I'm looking to install a couple of vertical grounding rods for a friend's property in the middle of nowhere (very country - The earth is mostly clay, rocks and sandstone)

From the limited research I've done I believe the grounding rods should be about 2.5 metres deep and 5 metres laterally separated.

My questions are:

  1. Have I got the depths and spacing correct?

  2. How far from the building/foundation should the rods be?

  3. If I'm to hire an auger that can exhume 2.5m depth, what diameter should the auger be? I intend to use a slurry of ground enhancement material <- still not quite sure what this stuff is but I guess it's a good conductor? How many KG's for a 2.5m deep hole of "x" diamater

  4. How can I test the efficacy of the finished job? Looking at ground resistance testers (clamp style) they run in to the hundreds of dollars. Also, do you need two grounding rods driven and connected in order to use these clamp style testers? Do you clamp it on the connecting wire or individual rods? Can the connecting wire be buried or is a that a big no-no?

  5. Is something like this a complete waste of money? https://www.ebay.com.au/itm/192390605919 It seems a lot cheaper than the AUD$500 alternatives, probably for a reason.

  6. Any hot tips for what I assume will be an incredibly laborious task? I'm guessing an auger is a better choice than a jackhammer with a macgyver attachment to drive the rods, only because I'm using the ground enhancement material, otherwise a tighter drive from a jackhammer would yield better conductivity I guess.

I know if I'm asking these questions it means I'm probably ill-equipped to be doing the job but I'm making the best of a bad/dangerous situation. I'm installing CB's, RCD's and grounding on an installation that is effectively just hardwired, online and unprotected from ground faults. I figure it's a step in the right direction that simply won't happen if I don't step in. It's a case of a friend thinking his electrical "just works" but he doesn't understand the need for further protection. I hope you guys (and gals) understand where I'm coming from. Many thanks.

  • Are you also installing a lightning rod? May 29 '18 at 16:13
  • somewhat related: How does earthing work when earth is dry?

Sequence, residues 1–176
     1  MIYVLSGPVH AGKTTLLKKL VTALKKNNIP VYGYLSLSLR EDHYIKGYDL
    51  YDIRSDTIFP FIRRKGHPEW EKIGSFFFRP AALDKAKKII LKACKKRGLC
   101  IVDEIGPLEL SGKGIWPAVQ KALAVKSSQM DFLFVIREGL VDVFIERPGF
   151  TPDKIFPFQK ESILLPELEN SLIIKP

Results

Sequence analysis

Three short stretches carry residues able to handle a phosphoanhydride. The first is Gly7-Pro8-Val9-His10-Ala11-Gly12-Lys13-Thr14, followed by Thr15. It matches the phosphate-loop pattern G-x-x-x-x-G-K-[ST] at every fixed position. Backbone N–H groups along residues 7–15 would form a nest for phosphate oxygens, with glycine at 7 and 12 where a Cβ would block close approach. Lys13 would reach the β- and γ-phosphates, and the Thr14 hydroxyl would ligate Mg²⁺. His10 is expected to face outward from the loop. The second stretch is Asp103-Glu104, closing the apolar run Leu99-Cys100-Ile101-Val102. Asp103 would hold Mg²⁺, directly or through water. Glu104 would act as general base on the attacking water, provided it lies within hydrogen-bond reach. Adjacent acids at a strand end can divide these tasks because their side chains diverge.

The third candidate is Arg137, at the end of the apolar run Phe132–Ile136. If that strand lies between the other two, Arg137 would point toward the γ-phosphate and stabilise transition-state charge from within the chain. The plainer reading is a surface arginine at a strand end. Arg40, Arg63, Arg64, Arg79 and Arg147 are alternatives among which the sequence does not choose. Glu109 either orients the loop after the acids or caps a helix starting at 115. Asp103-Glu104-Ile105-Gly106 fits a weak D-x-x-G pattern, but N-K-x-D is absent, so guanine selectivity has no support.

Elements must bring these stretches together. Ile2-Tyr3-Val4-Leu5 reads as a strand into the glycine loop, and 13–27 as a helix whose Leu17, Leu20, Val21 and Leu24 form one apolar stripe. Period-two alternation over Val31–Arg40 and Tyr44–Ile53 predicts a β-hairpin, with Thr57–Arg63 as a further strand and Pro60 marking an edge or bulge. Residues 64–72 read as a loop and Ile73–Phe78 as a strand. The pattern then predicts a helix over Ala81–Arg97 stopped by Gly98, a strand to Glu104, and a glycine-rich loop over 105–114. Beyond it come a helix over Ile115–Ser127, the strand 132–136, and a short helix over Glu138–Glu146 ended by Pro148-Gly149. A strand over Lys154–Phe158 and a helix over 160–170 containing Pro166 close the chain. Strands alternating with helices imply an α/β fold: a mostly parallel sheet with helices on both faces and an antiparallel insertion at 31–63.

– Nick Alexeev
    May 29 '18 at 16:16
  • No, I don't understand where you are coming from. Get a person who is qualified to do the install.
    – Andy aka
    May 29 '18 at 16:33
  • Andy, what I'm trying to illustrate is that a professional installation is not available in this situation and I'm trying my best to make it a bit safer short of financing licensed electrical work on a friends property. As is it's an accident waiting to happen. Sometimes something is better than nothing.
    – totalconfusion
    May 29 '18 at 17:14
  • get the ground really wet so that they pound in nicely. I dig a small trench along the side of the house where I am going to stick electrodes across. I would drive them down and some at angles and interconnect them with 4 ga wire then bury. I also try to find the foundation rebar and tie the grounding to that. I also would run a ground wire to the metal pipes if it has an electric water heater. The only stipulations I see was where the first grounding rod to the service/breaker box which if you stay within 20cm from where it enters the house it will be ok.
    – drtechno
    May 29 '18 at 17:46

This is what the generic "National Electrical Code" calls the Grounding Electrode System. It is USA-published but widely used, and widely subject to the sincerest form of flattery. My answer conforms with this Code

1) 2.5M depth is fine. 5m separation is fine, but more is better. On the other hand, copper wires aren't free so I understand if you don't put them on opposite corners. By using two rods, you are exempt from the need to test the conductance.